5. Initial disagreement around the assumptions (all the stuff behind the arrows) in the theory of change can be productive if they are allowed to lead to dialogue and consensus-building. Keep in mind that the theory of change can be a collaborative force. As Steve Montague noted, “building a theory of change is a team sport,” and needs to be an iterative process between multiple stakeholders all on a ‘collective learning journey.’
        1. One speaker suggested setting up a working group within the implementing agency to work on building the theory of change and, moreover, to make sure that everyone internally understands the program in the same way.
    5. This early engagement work is the time to get construct validity right.
    6. The data collection tools developed must, must, must align with the theory of change developed collectively. This is also a point Shagun and i made in our own presentation at the conference, where we discussed our working paper on meaningfully mixing methods in impact evaluation. stay tuned!
    7. The onus is on the evaluator to make sure that the theory of change is relevant to many stakeholders and that the language used is familiar to them.
    8. There was also a nice discussion about making sure to get leadership buy-in and cooperation early in the process on what the results reporting will look like. Ideally the reporting will also reflect the theory of change.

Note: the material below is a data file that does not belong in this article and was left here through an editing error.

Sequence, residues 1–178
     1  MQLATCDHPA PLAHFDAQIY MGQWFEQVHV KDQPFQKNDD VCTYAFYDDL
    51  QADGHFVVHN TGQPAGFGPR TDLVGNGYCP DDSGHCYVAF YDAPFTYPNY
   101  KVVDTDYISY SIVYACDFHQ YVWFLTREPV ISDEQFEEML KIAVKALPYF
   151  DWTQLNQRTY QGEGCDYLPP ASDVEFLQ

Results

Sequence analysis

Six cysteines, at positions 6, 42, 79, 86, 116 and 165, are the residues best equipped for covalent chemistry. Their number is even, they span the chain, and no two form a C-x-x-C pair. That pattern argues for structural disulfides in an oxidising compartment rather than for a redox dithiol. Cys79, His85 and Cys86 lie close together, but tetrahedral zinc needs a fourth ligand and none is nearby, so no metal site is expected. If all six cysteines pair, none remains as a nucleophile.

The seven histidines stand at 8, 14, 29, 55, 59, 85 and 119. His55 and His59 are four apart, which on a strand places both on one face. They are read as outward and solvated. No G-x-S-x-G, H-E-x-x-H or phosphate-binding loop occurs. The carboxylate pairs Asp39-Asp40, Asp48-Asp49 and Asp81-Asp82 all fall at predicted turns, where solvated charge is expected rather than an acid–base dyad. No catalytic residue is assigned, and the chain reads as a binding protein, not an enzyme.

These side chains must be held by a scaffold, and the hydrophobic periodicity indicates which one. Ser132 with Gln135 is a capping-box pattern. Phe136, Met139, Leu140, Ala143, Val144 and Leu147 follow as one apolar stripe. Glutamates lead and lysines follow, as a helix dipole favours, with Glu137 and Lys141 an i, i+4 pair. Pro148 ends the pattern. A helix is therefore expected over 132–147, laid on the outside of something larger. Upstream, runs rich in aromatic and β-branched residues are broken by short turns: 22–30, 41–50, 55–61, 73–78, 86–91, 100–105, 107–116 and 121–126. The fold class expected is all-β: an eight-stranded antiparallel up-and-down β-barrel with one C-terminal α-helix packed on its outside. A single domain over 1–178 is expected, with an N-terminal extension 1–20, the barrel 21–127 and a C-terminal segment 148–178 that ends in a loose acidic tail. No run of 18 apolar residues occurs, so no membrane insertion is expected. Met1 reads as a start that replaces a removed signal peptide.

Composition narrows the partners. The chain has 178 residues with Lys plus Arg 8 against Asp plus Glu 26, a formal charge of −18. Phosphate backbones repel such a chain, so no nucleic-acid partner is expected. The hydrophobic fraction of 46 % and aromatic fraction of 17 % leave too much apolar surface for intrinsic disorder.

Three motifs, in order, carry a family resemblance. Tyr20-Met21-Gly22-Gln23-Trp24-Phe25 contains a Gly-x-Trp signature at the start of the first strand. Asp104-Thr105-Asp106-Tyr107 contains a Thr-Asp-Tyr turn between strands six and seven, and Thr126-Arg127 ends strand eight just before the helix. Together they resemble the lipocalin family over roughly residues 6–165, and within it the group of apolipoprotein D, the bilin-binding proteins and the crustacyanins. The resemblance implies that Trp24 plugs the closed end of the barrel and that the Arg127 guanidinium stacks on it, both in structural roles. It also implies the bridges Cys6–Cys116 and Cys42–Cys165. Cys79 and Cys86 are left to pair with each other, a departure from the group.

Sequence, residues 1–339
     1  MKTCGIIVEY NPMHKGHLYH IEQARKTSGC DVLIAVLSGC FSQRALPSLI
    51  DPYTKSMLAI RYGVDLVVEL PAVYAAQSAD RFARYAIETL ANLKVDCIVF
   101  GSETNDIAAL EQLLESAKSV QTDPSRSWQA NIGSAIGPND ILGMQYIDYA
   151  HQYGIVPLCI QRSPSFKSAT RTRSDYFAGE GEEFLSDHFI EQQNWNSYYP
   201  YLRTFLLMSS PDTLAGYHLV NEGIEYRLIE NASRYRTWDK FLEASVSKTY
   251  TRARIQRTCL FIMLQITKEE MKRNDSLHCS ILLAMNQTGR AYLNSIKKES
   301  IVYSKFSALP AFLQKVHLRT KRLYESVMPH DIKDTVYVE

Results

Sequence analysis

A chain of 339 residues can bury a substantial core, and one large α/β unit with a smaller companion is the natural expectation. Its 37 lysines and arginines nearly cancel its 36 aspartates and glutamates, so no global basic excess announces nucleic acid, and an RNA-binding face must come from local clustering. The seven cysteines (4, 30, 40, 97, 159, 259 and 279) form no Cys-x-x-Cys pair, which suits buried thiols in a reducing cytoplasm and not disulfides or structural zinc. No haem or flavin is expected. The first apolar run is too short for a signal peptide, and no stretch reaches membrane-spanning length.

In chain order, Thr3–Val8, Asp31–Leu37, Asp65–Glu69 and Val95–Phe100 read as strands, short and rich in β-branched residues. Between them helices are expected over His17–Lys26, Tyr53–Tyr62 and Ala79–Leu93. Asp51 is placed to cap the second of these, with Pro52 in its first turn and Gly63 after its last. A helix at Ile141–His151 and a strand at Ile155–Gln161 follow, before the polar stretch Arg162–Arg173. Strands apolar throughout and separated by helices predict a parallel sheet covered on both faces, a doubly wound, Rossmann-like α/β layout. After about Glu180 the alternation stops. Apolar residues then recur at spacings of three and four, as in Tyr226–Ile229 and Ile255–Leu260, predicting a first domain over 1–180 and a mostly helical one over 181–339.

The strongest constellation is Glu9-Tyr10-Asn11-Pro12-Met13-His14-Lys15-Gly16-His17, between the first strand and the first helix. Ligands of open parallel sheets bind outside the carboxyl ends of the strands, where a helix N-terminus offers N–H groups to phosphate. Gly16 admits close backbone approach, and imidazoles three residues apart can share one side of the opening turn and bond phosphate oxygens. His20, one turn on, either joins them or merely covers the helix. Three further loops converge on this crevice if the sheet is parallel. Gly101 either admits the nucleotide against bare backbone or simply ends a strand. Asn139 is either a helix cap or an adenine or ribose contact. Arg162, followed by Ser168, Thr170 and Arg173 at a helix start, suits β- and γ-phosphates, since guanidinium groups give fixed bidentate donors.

Overall, much to think about and points that I will definitely be coming back to in later work. Thanks again for a great conference.


2 thoughts on “Thinking About Building Evaluation Ownership, Theories of Change — Back From Canadian Evaluation Society

  1. John Q says:

    Another great post, Heather. The risk with a collaborative evaluation rather than an arm’s length evaluation would seem to be the implicit or explicit pressure to find favorable results. Perhaps, then, a push for double-blind collaborative evaluations is called for (while acknowledging that this isn’t possible in many situations)?


    • Thanks, John. Writing this response with appropriate capitalization, just for you. I think the idea of exploring double-blind evaluations would be interesting — are you imagining that the ‘comparison’ group would receive a slightly enhanced ‘business as usual’?

      I think that elements like pre-analysis plans and pre-agreements on what will be reported and how from the evaluation may also guard somewhat against some of the risks you mention, though perhaps that is being slightly idealistic?